Life & Letters

Correspondence

About this Item

Title: William Sloane Kennedy to Walt Whitman, [10 October] 1889

Date: [October 10], 1889

Whitman Archive ID: loc.03052

Source: The Charles E. Feinberg Collection of the Papers of Walt Whitman, 1839–1919, Library of Congress, Washington, D.C. . Transcribed from digital images or a microfilm reproduction of the original item. For a description of the editorial rationale behind our treatment of the correspondence, see our statement of editorial policy.

Contributors to digital file: Kirby Little, Breanna Himschoot, Ian Faith, and Stephanie Blalock



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I forgot1 to tell you that I had a nice visit w. Mrs O'Connor.2 We walked and talked for an hour in Athenaeum & on Common. I refunded $5. to her & we went down and saw Benj. Tucker3 & he wd take nothing of course for six copies4 of the paper on William.5 Mrs K6 being away I could not have Mrs O'C out here this time but invited her for another.—Busy times, lots of letters, have a visitor—cousin—coming to see me for a few days. Baxter7 had an article on you in Herald.8 I see by it you have the new ed. of L. of G. out, glad of it.


W. S. K.


Correspondent:
William Sloane Kennedy (1850–1929) was on the staff of the Philadelphia American and later published biographies of Longfellow and Whittier (Dictionary of American Biography). Apparently Kennedy had called on the poet for the first time on November 21, 1880 (William Sloane Kennedy, Reminiscences of Walt Whitman [1896], 1). Though Kennedy was to become a fierce defender of Whitman, in his first published article he admitted reservations about the "coarse indecencies of language" and protested that Whitman's ideal of democracy was "too coarse and crude"; see The Californian, 3 (February 1881), 149–158. For more about Kennedy, see Katherine Reagan, "Kennedy, William Sloane (1850–1929)," Walt Whitman: An Encyclopedia, ed. J.R. LeMaster and Donald D. Kummings (New York: Garland Publishing, 1998).

Notes:

1. This letter is addressed: Walt Whitman | Camden | New Jersey | It is postmarked: CAMDEN | NJ | OCT 11 | 6 AM | 1889 | REC'D. There is a Belmont postmark, but it is illegible. [back]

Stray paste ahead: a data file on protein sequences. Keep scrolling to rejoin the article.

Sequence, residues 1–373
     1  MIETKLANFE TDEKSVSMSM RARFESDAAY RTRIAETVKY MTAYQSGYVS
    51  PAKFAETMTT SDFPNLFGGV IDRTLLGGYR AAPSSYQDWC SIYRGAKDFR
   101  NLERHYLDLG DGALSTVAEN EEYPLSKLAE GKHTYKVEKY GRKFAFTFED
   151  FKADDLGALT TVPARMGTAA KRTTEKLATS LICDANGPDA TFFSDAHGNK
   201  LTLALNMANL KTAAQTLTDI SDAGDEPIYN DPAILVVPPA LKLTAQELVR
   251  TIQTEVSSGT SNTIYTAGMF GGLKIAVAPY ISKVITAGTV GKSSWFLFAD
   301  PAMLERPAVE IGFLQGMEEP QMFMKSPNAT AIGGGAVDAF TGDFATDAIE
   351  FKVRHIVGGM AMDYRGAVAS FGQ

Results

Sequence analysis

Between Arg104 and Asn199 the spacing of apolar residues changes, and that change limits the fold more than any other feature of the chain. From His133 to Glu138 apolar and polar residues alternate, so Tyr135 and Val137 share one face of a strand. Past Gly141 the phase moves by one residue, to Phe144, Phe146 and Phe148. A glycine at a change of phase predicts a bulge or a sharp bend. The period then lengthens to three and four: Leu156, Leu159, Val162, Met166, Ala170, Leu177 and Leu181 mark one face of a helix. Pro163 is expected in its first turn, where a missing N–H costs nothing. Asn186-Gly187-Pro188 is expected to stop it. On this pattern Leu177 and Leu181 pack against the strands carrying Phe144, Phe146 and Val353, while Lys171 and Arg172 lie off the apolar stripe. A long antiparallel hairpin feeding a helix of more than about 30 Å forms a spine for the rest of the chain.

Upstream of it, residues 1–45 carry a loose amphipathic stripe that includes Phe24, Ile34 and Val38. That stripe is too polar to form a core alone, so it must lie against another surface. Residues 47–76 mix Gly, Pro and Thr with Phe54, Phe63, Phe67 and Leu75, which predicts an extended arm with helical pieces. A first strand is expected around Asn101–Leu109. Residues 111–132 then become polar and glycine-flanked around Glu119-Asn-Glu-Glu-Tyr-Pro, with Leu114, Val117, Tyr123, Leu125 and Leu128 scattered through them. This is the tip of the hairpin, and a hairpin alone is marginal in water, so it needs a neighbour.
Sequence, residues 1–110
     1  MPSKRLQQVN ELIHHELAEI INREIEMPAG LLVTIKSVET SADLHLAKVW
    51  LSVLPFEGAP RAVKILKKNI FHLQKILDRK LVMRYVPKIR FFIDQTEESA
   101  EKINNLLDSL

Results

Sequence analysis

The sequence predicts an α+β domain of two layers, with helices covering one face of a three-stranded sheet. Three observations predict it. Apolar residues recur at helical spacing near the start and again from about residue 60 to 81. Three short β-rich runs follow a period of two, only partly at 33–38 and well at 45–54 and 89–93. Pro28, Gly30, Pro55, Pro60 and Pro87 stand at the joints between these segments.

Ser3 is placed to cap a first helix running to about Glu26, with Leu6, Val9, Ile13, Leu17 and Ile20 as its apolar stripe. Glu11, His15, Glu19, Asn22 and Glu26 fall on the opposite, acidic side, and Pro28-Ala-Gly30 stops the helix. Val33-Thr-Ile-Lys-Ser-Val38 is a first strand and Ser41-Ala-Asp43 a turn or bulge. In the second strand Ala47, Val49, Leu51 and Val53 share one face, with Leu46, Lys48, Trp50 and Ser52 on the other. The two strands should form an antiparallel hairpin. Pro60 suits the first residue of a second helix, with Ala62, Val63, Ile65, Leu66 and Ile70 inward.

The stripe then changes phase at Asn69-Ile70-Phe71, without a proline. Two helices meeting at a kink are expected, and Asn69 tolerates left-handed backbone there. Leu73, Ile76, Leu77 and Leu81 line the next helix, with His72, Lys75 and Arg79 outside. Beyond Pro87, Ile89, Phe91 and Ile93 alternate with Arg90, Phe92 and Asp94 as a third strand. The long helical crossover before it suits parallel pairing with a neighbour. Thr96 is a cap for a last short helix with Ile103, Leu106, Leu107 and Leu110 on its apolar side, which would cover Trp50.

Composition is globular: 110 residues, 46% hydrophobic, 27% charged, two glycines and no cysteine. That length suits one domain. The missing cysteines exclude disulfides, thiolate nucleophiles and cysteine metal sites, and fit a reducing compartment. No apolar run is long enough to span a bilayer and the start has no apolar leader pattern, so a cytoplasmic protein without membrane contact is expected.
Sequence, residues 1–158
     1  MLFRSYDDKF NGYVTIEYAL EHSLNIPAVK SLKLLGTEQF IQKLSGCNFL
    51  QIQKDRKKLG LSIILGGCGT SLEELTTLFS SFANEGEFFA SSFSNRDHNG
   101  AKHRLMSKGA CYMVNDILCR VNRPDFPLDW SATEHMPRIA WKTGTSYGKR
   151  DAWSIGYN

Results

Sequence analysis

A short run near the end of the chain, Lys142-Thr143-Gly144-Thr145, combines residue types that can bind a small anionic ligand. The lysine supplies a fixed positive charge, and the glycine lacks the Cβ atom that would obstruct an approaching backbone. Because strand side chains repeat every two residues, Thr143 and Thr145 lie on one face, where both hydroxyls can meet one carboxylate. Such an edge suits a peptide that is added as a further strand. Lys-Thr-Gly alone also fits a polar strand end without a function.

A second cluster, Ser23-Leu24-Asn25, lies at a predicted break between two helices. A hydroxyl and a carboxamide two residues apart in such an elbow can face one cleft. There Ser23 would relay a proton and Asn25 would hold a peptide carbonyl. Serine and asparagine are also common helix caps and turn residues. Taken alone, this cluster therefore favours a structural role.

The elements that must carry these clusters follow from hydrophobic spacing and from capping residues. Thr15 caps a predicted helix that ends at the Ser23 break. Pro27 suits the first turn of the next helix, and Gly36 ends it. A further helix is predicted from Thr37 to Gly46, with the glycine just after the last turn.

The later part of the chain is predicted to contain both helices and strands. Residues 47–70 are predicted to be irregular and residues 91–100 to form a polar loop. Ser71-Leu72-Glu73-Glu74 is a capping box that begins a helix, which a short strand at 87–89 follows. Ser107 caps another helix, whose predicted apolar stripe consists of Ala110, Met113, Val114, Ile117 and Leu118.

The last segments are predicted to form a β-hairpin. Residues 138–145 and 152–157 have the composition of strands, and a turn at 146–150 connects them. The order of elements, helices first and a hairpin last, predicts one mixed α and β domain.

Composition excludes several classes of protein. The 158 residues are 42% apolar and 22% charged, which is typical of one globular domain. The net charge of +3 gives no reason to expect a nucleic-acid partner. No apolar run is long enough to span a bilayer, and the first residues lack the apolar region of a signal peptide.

2. Ellen M. "Nelly" O'Connor was the wife of William D. O'Connor (1832–1889), one of Whitman's staunchest defenders. Before marrying William, Ellen Tarr was active in the antislavery and women's rights movements as a contributor to the Liberator and to a women's rights newspaper Una. Whitman dined with the O'Connors frequently during his Washington years. Though Whitman and William O'Connor would temporarily break off their friendship in late 1872 over Reconstruction policies with regard to emancipated black citizens, Ellen would remain friendly with Whitman. The correspondence between Whitman and Ellen is almost as voluminous as the poet's correspondence with William. For more on Whitman's relationship with the O'Connors, see Dashae E. Lott, "O'Connor, William Douglas [1832–1889]," Walt Whitman: An Encyclopedia, J.R. LeMaster and Donald D. Kummings, ed. (New York: Garland Publishing, 1998). [back]

3. Benjamin Ricketson Tucker (1854–1939) was an American activist and editor of the anarchist periodical Liberty, which ran from 1881 to 1908. [back]

4. In her September 26, 1889 letter to Whitman, Nelly writes "I have written to Tucker asking him to save six copies for me till I go to Boston, & can call or send for them." [back]

5. William Douglas O'Connor (1832–1889) was the author of the grand and grandiloquent Whitman pamphlet "The Good Gray Poet," published in 1866 (a digital version of the pamphlet is available at "The Good Gray Poet: A Vindication"). For more on Whitman's relationship with O'Connor, see Deshae E. Lott, "O'Connor, William Douglas (1832–1889)," Walt Whitman: An Encyclopedia, ed. J.R. LeMaster and Donald D. Kummings (New York: Garland Publishing, 1998). [back]

6. William Sloane Kennedy married Adeline Ella Lincoln of Cambridge, Massachusetts, in 1883; they lived for forty years in a house they built in Belmont, Massachusetts. [back]

7. Sylvester Baxter (1850–1927) was on the staff of the Boston Herald. Apparently he met Whitman for the first time when the poet delivered his Lincoln address in Boston in April, 1881; see Rufus A. Coleman, "Whitman and Trowbridge," PMLA 63 (1948), 268. Baxter wrote many newspaper columns in praise of Whitman's writings, and in 1886 attempted to obtain a pension for the poet. For more, see Christopher O. Griffin, "Baxter, Sylvester [1850–1927]," Walt Whitman: An Encyclopedia, ed. J.R. LeMaster and Donald D. Kummings (New York: Garland Publishing, 1998). [back]

8. Baxter reviewed "Whitman's Complete Works" in the Boston Herald on January 3, 1889; no later 1889 Baxter piece on Whitman in the Herald is known. [back]


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